Lemonade and Hippo report a figure for their liquidity that combines gross money and investment. Under that measure, Lemonade had $ 1 billion and Hippo $ 772 million at the end of March. Root says he had $ 736 million in unencumbered capital when the quarter ended.
Even when they have a brighter future, insurance technology cannot afford to stand still. Root, whose real-time takeover uses in-vehicle data to provide a constantly updated picture of customer risk, has taken the most radical course to increase takeover margins.
It laid off one-fifth of its workforce in January, cut its marketing spending and raised prices for its policies.
Hippo, which is based in Silicon Valley, is rapidly diversifying beyond its central areas of California and Texas, while tightening its funding guidelines. Lemonade also focuses on those countries that have proven to be the most profitable.
After Tim admits that publicity “generates a lot of noise” as investors take bearish or bullish positions for the company’s future, the trio of insurance companies have attracted more experienced industry veterans.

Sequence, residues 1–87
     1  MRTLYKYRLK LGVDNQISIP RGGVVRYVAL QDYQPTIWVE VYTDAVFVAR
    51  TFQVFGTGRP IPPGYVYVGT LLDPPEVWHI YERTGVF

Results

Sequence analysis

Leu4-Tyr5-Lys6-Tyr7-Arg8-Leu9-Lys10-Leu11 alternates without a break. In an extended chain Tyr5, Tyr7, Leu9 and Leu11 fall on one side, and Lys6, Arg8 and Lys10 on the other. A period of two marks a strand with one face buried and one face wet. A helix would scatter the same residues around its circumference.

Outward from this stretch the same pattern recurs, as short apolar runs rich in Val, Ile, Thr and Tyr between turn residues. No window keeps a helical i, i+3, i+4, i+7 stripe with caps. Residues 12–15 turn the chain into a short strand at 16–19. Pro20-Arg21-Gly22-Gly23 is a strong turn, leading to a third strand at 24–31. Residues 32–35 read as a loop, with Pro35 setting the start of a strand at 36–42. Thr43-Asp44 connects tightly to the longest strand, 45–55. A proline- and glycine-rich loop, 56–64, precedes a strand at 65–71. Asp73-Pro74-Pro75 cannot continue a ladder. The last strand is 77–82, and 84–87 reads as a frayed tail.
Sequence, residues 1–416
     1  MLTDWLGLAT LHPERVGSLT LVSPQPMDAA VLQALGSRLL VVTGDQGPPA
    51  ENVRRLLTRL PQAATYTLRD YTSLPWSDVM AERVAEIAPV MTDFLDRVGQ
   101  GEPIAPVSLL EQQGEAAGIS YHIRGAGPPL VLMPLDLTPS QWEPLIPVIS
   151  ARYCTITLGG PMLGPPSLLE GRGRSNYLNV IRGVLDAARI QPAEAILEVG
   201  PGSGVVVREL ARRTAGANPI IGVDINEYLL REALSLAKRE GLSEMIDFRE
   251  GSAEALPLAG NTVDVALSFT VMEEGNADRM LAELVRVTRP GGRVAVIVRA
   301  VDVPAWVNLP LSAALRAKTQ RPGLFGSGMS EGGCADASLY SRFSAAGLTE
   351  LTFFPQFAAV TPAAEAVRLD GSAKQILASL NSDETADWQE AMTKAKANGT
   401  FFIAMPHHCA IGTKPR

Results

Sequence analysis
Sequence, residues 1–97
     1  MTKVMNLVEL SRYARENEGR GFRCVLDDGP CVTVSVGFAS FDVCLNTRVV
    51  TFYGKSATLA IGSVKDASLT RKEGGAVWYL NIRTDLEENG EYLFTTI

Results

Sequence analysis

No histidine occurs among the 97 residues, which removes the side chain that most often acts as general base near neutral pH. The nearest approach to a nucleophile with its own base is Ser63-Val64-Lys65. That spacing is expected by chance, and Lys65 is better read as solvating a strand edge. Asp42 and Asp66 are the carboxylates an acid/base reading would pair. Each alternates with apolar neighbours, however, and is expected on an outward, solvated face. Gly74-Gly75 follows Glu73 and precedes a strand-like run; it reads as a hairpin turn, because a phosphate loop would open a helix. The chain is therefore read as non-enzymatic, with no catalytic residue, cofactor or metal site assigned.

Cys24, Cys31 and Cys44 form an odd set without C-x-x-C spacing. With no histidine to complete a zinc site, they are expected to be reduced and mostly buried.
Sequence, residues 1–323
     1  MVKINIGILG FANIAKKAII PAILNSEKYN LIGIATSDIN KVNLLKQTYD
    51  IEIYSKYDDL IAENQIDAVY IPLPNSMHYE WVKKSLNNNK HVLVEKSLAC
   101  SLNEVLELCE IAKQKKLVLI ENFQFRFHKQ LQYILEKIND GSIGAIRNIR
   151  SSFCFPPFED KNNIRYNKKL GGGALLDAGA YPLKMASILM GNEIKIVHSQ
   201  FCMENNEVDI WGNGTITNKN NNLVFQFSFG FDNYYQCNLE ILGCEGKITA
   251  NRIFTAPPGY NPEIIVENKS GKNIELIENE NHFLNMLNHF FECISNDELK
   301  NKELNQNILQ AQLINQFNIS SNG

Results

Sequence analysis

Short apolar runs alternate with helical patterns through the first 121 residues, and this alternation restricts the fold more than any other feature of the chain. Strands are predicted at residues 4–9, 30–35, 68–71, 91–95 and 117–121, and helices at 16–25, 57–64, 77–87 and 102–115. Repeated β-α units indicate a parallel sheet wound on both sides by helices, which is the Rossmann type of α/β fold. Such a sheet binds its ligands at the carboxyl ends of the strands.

Last year, Hippo selected Grace Hanson of Hiscox, a London-based insurer, to be its chief claims officer. This month, he announced that McCatron, its president since 2017, has also been appointed chief executive, highlighting his “extensive insurance experience”.
Lemonade has hired Sean Burgess of the San Antonio-based USAA Insurance Group as its chief claims officer. In March, Ruth appointed Chief Financial Officer Rob Bateman, whose CV includes work for well-known insurance companies such as The Hartford.
There are signs of improvement. In its first quarter results in May, Hippo reported its best gross loss ratio on the market at 76%, which sharply increased its shares. This measure is expected to fall below 100 percent for the whole year.
Skeptics like Tunisia’s Autonomous are urging troubled insurance technology to start looking for buyers among industry giants. “You want to be the one to be bought,” he says.
But McCatron said last year’s challenges were “just a matter of growing up”, comparing him to basketball legend Michael Jordan.
“When Michael Jordan was 5, [he] he showed promise, but he was 5, he had to mature. “